Wiki self promotion? Is Concord Law the only school with the Executive JD?

Discussion in 'General Distance Learning Discussions' started by iquagmire, Jun 22, 2006.

  1. little fauss

    little fauss New Member

    Thanks! I was just being lazy, figured I'd check w/ you first. I'll pull up the UPL statute. Jurisdiction of P, BTW, is SD.

  2. nosborne48

    nosborne48 Well-Known Member

    Not June; August.

    Senior moment.
  3. little fauss

    little fauss New Member

    You're not a senior yet, you still got a decade and change to go. Though you have, I guess, received the dread AARP letter, haven't you?
  4. Dude

    Dude New Member

    Speaking of dreaded AARP letters. I received mine two years ago (I'm now 27 years old). I assume that must have been some sort of mistake... :confused:
  5. nosborne48

    nosborne48 Well-Known Member

    Damn and blast the AARP!

    I DO receive (and toss) their endless mailings; thank you, I don't need to be reminded that I'm over 50.
  6. Ted Heiks

    Ted Heiks Moderator and Distinguished Senior Member

    Is your Dad's name Dude, Sr.?
  7. Dude

    Dude New Member

    Yep. BUT...... The letter was addressed to Dude, Jr. and was sent to an address which was never used by my dad. Also, my dad is already a member. Oh well... Maybe I should apply and see what happens? ;)
  8. Mgarcia

    Mgarcia New Member

    Jd ejd

    Actually, in CA you can use the JD after the name, as this professional degree would legally become part of your name. However, you cannot in any way shape or form use ESQ, Counselor, Attorney, Lawyer after your name or in any header, paper, or business card as that would be putting yourself out there as a lic attorney.

    I hold a BS in Paralegal Studies which took 4 years in school, a Paralegal Certification in Legal Research which took 1.5 years of additional school and now am going to go the Masters in Legal Studies from George Washington University, and will be at the school...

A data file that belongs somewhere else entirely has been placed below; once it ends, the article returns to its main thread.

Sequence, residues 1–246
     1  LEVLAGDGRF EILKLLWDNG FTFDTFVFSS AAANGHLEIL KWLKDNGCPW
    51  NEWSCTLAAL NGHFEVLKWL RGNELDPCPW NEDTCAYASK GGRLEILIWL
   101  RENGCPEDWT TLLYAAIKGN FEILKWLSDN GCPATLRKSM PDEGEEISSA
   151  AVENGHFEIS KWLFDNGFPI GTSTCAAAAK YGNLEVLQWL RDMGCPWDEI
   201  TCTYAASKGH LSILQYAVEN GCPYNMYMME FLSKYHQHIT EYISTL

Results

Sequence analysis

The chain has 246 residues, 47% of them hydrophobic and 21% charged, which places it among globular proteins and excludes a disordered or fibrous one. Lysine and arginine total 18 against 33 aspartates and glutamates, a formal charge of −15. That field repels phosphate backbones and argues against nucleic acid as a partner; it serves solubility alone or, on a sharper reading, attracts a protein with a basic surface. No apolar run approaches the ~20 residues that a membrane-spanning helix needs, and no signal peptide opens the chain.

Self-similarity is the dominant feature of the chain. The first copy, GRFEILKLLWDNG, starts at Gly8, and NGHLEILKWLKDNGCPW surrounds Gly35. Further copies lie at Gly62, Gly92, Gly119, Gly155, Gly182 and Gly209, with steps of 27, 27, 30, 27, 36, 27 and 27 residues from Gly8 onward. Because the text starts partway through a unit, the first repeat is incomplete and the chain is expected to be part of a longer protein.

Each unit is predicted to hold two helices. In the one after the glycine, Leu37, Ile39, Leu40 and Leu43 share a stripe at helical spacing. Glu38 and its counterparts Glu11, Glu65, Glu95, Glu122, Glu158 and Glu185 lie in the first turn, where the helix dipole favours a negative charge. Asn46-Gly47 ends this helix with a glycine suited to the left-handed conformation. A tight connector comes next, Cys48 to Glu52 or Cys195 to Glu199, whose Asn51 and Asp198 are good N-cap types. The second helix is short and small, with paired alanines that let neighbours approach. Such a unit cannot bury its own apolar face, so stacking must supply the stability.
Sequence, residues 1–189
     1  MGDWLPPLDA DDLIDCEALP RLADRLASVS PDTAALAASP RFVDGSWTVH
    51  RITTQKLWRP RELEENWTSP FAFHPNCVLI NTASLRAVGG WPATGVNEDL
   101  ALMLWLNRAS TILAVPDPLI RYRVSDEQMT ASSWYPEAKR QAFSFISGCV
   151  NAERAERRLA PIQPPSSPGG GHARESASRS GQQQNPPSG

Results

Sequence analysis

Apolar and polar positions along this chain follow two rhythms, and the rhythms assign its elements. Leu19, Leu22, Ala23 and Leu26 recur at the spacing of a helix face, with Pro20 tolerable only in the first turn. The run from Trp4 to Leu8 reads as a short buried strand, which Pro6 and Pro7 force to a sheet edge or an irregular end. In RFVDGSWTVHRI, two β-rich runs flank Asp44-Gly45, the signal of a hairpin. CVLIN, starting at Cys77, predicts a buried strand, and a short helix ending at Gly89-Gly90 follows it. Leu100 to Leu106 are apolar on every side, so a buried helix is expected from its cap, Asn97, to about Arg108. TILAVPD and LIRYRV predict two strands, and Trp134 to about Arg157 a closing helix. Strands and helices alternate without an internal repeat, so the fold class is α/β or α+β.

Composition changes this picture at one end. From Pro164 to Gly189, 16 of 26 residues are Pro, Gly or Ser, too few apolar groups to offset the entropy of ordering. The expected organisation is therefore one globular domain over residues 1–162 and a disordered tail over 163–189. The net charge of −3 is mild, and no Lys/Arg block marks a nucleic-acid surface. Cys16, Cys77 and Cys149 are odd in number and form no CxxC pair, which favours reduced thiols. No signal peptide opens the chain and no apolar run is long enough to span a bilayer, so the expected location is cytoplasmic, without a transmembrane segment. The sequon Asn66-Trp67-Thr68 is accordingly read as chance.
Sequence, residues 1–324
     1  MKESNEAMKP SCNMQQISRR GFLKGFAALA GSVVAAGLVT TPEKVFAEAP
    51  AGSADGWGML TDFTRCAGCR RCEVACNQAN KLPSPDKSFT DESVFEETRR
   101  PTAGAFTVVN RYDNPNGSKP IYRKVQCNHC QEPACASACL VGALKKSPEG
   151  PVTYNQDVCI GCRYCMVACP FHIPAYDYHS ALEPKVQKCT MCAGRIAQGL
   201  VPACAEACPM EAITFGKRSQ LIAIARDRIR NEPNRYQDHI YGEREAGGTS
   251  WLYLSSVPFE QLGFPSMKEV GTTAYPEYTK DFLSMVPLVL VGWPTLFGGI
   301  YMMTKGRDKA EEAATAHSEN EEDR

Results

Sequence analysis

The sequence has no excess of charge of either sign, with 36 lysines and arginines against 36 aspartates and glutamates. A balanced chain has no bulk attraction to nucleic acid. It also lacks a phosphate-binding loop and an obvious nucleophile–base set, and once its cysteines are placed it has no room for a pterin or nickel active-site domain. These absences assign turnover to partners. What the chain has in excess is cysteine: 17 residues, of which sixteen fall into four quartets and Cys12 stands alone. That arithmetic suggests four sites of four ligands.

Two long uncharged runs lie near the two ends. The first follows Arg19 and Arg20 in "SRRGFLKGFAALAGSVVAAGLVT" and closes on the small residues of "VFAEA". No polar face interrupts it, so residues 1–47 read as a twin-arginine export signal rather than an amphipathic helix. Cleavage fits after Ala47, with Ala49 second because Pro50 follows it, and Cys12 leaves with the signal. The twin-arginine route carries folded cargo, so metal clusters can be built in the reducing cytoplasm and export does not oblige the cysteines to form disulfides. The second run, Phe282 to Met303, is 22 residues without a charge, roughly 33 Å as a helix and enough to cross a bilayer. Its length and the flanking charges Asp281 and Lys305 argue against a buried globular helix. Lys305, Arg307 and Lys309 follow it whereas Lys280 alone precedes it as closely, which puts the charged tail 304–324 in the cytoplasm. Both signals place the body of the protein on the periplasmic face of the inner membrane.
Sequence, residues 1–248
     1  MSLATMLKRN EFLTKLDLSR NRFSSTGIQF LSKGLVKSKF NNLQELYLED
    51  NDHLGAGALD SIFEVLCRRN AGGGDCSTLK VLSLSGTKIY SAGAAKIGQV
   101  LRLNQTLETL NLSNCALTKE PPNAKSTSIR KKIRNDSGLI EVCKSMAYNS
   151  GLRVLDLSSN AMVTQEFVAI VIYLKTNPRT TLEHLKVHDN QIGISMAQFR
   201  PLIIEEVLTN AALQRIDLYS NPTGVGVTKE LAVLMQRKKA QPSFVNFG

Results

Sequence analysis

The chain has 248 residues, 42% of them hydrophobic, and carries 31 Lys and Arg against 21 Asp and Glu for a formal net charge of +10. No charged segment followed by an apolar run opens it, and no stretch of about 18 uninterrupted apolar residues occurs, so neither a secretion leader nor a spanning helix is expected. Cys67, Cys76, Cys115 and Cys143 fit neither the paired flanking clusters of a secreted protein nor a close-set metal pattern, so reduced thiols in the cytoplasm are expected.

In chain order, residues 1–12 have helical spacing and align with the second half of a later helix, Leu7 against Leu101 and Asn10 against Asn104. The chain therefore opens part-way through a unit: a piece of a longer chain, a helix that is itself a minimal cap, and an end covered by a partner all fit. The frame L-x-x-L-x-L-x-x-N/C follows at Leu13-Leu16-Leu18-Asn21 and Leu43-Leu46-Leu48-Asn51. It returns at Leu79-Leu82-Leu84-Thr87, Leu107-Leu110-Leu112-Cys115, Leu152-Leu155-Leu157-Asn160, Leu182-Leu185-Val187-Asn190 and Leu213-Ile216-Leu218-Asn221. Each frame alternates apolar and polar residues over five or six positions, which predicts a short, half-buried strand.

I do think that a EJD is more of a waist of money, because to really learn how to research etc etc, you need to be part of the real curriculum and doing any school work home really does not work, that is for the Legal Studies and Law School side! Just my opinion!
  9. sideman

    sideman Active Member

    This has been an interesting thread to re-read. It was mentioned that NWCU had an LLM program and this thread was back in 2006. I attended NWCU between 2004-2008 and I don't recall them offering this program, but I may be wrong. The poster that said the BSL and the non-bar JD has little to no utility may be right, especially in the realm of the legal profession. But as far as helpful in business, and in my own business, it has been a help.
  10. Delta

    Delta Active Member

    Is the EJD from Concord (Kaplan University) considered a regionally accredited doctorate degree? Can it be used to get a faculty position where a doctorate is required?
  11. CalDog

    CalDog New Member

    Yes. In fact, this degree is specifically listed as one of Kaplan's three accredited doctorates by HLC-NCA, which is Kaplan University's regional accreditation agency:


    No idea. Wouldn't count on it.